Figure 4. Slowing of the pH change reduces the current amplitude and the transported charge. (A) Pseudocolor image by the pH-sensitive fluorescent dye 5(6)-FAM of the same cell at pH 7.4 and at pH 6.0. (B) Fluorescence intensities (green traces, upper panel) as a function of time in response to pH ramps of different speed from pH 7.4 to pH 6.0. The 10–90% fall-time (FT) of the fluorescence change corresponds to the interval between the two red squares (Materials and Methods). Each fluorescence trace (top panel) was measured simultaneously with the corresponding ASIC1a current trace (middle panel). Bottom panel, traces created by the kinetic model in response to the above pH ramps. The experimental data in (B–I) are from whole-cell patch-clamp at −60 mV. (B–H) Current and transported charge values are normalized to the corresponding response measured in the same cell to a rapid pH change (ramp FT < 4 s). (C,D) ASIC1a peak current amplitudes in response to pH 7.4–6.0 ramps (C) or pH 7.4–6.6 ramps (D) of different duration, shown as function of pH ramp FT (n = 14–20). The model prediction is indicated with black symbols and the connecting line. (E) Normalized peak current amplitudes for ramp durations classified into intermediate (ramp FT 4–10 s) and slow (ramp FT > 10 s; n = 4–16). ****p < 0.0001, different from rapid change (ANOVA, Tukey post-hoc test). (F,G) Transported charge (Q), the current integral over time, is indicated for the same protocols as shown in (C,D) (n = 12–17). The model prediction is indicated with black symbols and the connecting line. (H) Normalized transported charge for ramp durations classified as in E (n = 4–16). *p < 0.05; ****p < 0.0001, different from rapid change (ANOVA, Tukey post-hoc test). (I) Time constant of ASIC current appearance in pH 7.4–6.0 (red symbols) and pH 7.4–6.6 ramps (orange), plotted as a function of the pH ramp FT. The r2 values were 0.906 (p < 0.001, pH 7.4–6.0 ramps) and 0.846 (p < 0.001, pH 7.4–6.0 ramps), n = 21–29. (J,K) Heat map of the simulated peak ASIC1a current (J) or charge transport (K) as a function of the pH ramp lowest value (pH) and duration (FT) in seconds. Shown are the amplitude of the maximal current (Ipeak, μA cm−2) and the transported charge (Q, mC cm−2) according to the scaling bar.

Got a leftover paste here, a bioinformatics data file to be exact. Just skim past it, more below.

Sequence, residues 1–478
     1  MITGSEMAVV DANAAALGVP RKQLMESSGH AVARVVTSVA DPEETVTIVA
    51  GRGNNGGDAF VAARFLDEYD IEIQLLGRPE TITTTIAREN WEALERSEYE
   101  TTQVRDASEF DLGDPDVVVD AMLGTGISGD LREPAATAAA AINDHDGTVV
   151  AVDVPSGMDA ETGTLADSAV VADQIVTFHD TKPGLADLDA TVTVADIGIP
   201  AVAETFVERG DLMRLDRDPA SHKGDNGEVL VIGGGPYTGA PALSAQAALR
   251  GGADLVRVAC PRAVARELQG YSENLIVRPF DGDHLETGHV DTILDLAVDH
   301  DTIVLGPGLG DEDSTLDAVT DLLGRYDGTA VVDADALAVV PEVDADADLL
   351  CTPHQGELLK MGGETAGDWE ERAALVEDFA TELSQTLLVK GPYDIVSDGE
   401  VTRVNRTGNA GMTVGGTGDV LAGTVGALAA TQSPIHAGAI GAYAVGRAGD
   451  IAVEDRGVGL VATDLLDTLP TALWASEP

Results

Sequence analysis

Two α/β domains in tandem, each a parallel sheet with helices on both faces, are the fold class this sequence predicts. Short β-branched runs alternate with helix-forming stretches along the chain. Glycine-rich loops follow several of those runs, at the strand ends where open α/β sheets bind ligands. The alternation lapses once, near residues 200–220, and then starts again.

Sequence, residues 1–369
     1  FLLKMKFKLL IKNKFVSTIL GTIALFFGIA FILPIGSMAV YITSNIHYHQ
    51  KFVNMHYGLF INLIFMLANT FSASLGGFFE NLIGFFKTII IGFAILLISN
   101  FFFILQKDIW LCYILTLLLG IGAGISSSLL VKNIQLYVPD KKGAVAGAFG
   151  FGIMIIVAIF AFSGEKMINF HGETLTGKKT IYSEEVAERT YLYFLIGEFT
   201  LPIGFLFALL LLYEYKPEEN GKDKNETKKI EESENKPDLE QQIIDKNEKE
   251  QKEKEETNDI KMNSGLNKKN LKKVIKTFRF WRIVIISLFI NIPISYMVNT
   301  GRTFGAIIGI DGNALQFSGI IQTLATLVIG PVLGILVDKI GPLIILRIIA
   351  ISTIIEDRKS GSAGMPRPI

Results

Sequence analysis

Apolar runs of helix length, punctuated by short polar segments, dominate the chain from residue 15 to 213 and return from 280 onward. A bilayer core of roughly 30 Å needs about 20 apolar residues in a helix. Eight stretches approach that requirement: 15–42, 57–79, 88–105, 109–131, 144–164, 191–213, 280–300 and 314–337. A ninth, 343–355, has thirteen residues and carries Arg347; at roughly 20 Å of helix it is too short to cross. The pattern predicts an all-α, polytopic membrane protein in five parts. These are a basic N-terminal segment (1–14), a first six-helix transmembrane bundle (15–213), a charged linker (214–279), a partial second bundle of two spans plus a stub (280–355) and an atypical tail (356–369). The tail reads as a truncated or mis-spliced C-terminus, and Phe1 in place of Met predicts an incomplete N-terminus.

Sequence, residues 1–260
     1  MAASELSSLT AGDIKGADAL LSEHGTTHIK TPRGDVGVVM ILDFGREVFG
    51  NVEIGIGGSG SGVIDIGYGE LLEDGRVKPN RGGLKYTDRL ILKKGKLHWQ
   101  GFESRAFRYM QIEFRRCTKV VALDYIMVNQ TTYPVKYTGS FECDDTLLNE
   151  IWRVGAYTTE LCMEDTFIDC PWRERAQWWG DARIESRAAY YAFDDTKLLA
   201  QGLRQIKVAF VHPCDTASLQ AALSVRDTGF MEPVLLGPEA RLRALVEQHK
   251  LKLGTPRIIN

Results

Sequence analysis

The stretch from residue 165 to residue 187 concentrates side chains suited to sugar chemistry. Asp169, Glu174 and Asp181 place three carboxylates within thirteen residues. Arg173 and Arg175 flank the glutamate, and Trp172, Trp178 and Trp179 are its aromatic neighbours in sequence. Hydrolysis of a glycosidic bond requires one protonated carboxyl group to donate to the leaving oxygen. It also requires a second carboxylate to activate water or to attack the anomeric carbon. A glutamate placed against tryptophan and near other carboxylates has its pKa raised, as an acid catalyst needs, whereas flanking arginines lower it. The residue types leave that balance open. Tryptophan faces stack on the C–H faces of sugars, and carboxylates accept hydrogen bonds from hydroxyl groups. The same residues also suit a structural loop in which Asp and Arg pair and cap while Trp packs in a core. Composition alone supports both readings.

Numerical Methods

In simulations of IASIC1a in the voltage-clamp mode, state occupancies or gating variables were integrated using the forward Euler method with a constant time step of 0.1 or 0.01 ms. In simulations of nerve activity (current-clamp mode), this time step was set to 0.01 ms to integrate the gating variables and membrane potential. In all simulations, initial conditions for the gates were obtained from the equilibrium at the initial pH and resting membrane potential. All simulations were run using MATLAB (The MathWorks, Natick, MA, USA).

Analysis and Statistics

The pH activation curves were fitted using the Hill equation:

I = Imax1+(10-pH5010-pH)nH ;

where Imax is the maximal current amplitude, pH50 is the pH at which half of the maximal current is measured, and nH is the Hill coefficient. Steady-state desensitization (SSD) curves were fitted by an analogous equation.

Transition kinetics were fitted to mono-exponential functions. The number of APs in current-clamp experiments was determined with FitMaster (HEKA Elektronik-Harvard Bioscience), measured over the same duration in pH ramps of different duration.

The maximal dVm/dt in phase-plane plots was determined as the maximal value in the plot. The threshold was determined by the intersection of two tangents that were fitted to the initial flat part and to the subsequent steep part of the dVm/dt vs. Vm plots, respectively.

The normality of the data distribution was determined by using the D'Agostino & Pearson normality test. For normally distribution data we used one-way ANOVA followed by Tukey post-hoc test. For not normally distributed data we used the Kruskal-Wallis followed by Dunn's post-hoc test. P-values of < 0.05 were considered significant. Statistical tests were carried out with Graphpad Prism8 (San Diego, USA). Regression calculations were performed with the statistical software R ( Data are presented as individual data points or as mean ± SD. The datasets of the experimental data are provided in the Supplementary Table 1.


Measurement of ASIC1a Kinetics for Establishing a Kinetic Model

To measure the kinetics of transitions between the functional states of ASIC1a for the establishment of a kinetic model, several types of pH protocols were applied in patch-clamp experiments to CHO cells stably expressing ASIC1a (Materials and Methods). The kinetics of rapid transitions [k > 2 s−1; for opening [C-O in the COD model, Figure 1A], open channel desensitization (O-D) and deactivation [O-C]] were measured from outside-out patches. Slower processes [steady-state desensitization (SSD), [C-D], and recovery from desensitization [D-C]], were measured in the whole-cell configuration. Representative traces show activation of ASIC1a by pH 6.8 and 6.0 from a conditioning pH of 7.4 with fast solution changes to excised outside-out patches (Figure 1B). Such experiments allowed measuring the kinetics of channel opening [C-O] and of current decay [O-D].